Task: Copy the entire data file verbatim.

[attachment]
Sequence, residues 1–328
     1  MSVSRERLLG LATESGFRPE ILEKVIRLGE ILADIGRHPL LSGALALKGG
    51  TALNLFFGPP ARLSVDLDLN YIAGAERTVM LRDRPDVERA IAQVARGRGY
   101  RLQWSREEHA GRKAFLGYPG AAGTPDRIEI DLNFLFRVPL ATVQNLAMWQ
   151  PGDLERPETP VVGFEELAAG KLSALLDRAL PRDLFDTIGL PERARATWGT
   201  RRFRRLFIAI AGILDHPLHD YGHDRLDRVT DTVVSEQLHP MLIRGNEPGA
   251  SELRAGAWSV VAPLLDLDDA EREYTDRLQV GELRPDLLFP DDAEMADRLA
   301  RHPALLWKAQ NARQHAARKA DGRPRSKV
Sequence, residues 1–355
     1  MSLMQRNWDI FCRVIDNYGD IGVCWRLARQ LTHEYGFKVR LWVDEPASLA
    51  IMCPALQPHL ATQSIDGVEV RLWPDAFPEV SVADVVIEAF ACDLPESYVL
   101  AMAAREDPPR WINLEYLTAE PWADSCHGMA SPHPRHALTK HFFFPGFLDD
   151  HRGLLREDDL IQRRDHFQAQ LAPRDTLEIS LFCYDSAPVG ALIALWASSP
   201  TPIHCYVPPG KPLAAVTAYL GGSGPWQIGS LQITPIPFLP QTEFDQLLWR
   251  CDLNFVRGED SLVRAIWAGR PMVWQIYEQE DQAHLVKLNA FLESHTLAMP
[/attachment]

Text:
Sequence, residues 1–328
     1  MSVSRERLLG LATESGFRPE ILEKVIRLGE ILADIGRHPL LSGALALKGG
    51  TALNLFFGPP ARLSVDLDLN YIAGAERTVM LRDRPDVERA IAQVARGRGY
   101  RLQWSREEHA GRKAFLGYPG AAGTPDRIEI DLNFLFRVPL ATVQNLAMWQ
   151  PGDLERPETP VVGFEELAAG KLSALLDRAL PRDLFDTIGL PERARATWGT
   201  RRFRRLFIAI AGILDHPLHD YGHDRLDRVT DTVVSEQLHP MLIRGNEPGA
   251  SELRAGAWSV VAPLLDLDDA EREYTDRLQV GELRPDLLFP DDAEMADRLA
   301  RHPALLWKAQ NARQHAARKA DGRPRSKV
Sequence, residues 1–355
     1  MSLMQRNWDI FCRVIDNYGD IGVCWRLARQ LTHEYGFKVR LWVDEPASLA
    51  IMCPALQPHL ATQSIDGVEV RLWPDAFPEV SVADVVIEAF ACDLPESYVL
   101  AMAAREDPPR WINLEYLTAE PWADSCHGMA SPHPRHALTK HFFFPGFLDD
   151  HRGLLREDDL IQRRDHFQAQ LAPRDTLEIS LFCYDSAPVG ALIALWASSP
   201  TPIHCYVPPG KPLAAVTAYL GGSGPWQIGS LQITPIPFLP QTEFDQLLWR
   251  CDLNFVRGED SLVRAIWAGR PMVWQIYEQE DQAHLVKLNA FLESHTLAMP